· Sprint Cup’s best average running position (7.2).
· Sprint Cup’s best in fastest laps run (840).
· Sprint Cup’s most laps in the top-15 with 5,170 (86.1 percent).
· Leads all drivers this season with 1,207 of a possible 7,831 laps led (15.41 percent). Denny Hamlin is second with 1,093 laps led (13.96 percent).
· Johnson currently leads the Chase for the Sprint Cup Championship by a one-point advantage over second-place Brad Keselowski. Johnson took the top spot after finishing second Sunday at New Hampshire Motor Speedway in Loudon, the site of the second of 10 races in the 2012 Chase.

News and Notes – Dover:
Paint Scheme:
· Johnson will pilot the No. 48 Kobalt Tools Chevrolet at Dover.

· Johnson will use chassis No. 728 this week at Dover. This car won the first Dover race in June. It also won at the Brickyard and finished runner-up at Chicago two weeks ago.

On The Road:
· Chandra and Jimmie Johnson have released their self-published book, On The Road. The 208-page, hardcover book chronicles Johnson’s unsuccessful quest in 2011 for an historic sixth consecutive NASCARSprint Cup Series championship.

Ø A limited number of books is available for purchase exclusively trackside at the No. 48 merchandise hauler. In addition, copies are available at


You have seven wins at Dover. What do you love about the track?
“The intensity you have to drive that track with. It really fits my style. It’s the closest track we have to being airborne each lap with the drop-off into turns one and three. It’s just cool you’ve got to bring your big-boy pants every lap there and I love it.”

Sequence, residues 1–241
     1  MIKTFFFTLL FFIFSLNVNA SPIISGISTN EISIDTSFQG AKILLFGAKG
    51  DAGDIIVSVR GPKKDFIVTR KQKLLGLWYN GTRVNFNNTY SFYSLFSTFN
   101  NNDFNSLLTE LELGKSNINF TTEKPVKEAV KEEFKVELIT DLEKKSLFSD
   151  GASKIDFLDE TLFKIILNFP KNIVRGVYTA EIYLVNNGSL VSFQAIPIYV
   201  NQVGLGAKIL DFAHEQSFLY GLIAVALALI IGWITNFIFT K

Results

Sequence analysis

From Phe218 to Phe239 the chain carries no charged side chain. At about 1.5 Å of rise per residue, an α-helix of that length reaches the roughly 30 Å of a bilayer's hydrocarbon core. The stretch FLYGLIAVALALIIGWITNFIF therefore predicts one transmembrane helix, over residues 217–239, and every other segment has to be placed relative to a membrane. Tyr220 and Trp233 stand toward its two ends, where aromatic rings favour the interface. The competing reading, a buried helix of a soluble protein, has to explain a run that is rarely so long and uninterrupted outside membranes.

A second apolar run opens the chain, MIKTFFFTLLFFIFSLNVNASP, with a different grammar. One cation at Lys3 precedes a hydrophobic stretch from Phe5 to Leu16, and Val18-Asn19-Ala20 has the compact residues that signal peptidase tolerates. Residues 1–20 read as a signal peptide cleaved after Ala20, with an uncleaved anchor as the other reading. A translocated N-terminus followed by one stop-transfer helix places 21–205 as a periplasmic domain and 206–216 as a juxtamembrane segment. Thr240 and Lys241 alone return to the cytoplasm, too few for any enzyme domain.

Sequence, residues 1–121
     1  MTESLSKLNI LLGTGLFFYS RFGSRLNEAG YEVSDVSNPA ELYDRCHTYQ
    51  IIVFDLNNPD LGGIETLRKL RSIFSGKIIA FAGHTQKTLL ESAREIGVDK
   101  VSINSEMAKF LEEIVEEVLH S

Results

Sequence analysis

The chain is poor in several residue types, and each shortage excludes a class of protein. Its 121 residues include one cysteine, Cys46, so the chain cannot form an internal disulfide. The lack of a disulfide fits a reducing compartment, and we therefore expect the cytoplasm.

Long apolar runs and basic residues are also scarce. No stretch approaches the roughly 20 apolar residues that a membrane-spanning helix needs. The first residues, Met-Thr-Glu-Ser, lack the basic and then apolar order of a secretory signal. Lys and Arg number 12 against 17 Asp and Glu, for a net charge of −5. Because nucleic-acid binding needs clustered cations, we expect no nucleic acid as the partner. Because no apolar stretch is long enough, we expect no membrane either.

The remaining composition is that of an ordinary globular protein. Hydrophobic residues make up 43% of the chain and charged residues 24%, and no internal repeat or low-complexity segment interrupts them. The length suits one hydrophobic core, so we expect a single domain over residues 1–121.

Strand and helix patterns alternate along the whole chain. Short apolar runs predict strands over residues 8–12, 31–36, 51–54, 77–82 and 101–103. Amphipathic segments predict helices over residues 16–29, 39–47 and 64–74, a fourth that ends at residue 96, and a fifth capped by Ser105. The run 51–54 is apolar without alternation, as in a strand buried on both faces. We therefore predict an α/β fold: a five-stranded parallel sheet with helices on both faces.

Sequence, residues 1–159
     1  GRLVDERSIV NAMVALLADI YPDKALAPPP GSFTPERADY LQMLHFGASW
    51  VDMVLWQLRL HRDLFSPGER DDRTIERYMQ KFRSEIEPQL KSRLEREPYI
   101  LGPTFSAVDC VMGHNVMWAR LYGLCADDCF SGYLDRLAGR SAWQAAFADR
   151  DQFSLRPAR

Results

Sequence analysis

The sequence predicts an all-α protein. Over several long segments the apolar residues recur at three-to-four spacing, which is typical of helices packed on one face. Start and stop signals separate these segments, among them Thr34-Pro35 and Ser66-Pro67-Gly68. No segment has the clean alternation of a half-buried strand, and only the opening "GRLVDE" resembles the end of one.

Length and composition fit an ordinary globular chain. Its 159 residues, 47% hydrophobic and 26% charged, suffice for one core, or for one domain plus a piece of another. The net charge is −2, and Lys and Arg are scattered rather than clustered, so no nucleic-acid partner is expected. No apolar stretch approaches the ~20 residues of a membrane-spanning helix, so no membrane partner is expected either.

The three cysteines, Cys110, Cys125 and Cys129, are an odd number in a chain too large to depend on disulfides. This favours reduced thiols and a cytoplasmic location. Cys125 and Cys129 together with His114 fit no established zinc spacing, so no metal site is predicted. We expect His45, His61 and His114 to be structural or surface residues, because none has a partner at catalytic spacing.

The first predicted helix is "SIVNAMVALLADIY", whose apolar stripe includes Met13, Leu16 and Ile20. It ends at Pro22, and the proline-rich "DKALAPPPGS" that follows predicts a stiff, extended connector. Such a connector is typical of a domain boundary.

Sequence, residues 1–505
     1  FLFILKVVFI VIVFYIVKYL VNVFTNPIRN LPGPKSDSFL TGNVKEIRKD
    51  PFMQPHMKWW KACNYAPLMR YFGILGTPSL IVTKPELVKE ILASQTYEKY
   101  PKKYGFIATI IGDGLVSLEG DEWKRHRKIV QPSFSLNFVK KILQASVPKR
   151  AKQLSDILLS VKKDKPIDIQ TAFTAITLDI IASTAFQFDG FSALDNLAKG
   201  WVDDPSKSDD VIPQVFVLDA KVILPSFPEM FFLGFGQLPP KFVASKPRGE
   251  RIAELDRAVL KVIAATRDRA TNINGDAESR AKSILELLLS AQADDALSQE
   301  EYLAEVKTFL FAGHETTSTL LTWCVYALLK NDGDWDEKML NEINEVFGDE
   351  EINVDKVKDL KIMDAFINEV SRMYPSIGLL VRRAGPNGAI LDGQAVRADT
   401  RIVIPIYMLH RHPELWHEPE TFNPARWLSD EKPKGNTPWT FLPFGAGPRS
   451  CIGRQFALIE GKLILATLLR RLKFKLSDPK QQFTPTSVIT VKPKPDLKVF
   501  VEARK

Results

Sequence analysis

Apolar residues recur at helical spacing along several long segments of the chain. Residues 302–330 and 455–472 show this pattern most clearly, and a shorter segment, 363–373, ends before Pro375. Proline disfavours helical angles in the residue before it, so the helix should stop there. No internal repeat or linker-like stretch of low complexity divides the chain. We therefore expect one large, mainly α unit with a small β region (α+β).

Looking at Dover, Brad (Keselowski) and Denny (Hamlin) have been pretty outspoken about how much they are dreading this weekend. Safe to assume you have the opposite view? Do you feel like you go in there with a little bit of an edge?
“Well, I do. They are both great drivers and great teams. They have the ability to figure out that racetrack. From my own experiences, tracks that were hard on me I was able to figure them out over time and learn how to win at those tracks. I’m not ruling them out but, when I look through the Chase tracks, there are certain guys I expect to be strong at whatever racetrack. At Chicago, I felt like the No. 2 (Keselowski) was going to be strong and he certainly was. At New Hampshire, I look to the No. 11 (Hamlin) and what he did in the spring. This week, I feel the No. 24 (Jeff Gordon) is going to be a big threat. He got off to a bad start at Chicago. You start thinking through who you feel you are going to have to race on what track and what might be your strong tracks versus your weak tracks. I feel like this weekend is a good opportunity for the No. 48 on a lot of the field, a lot of the Chasers, to get some points on them.”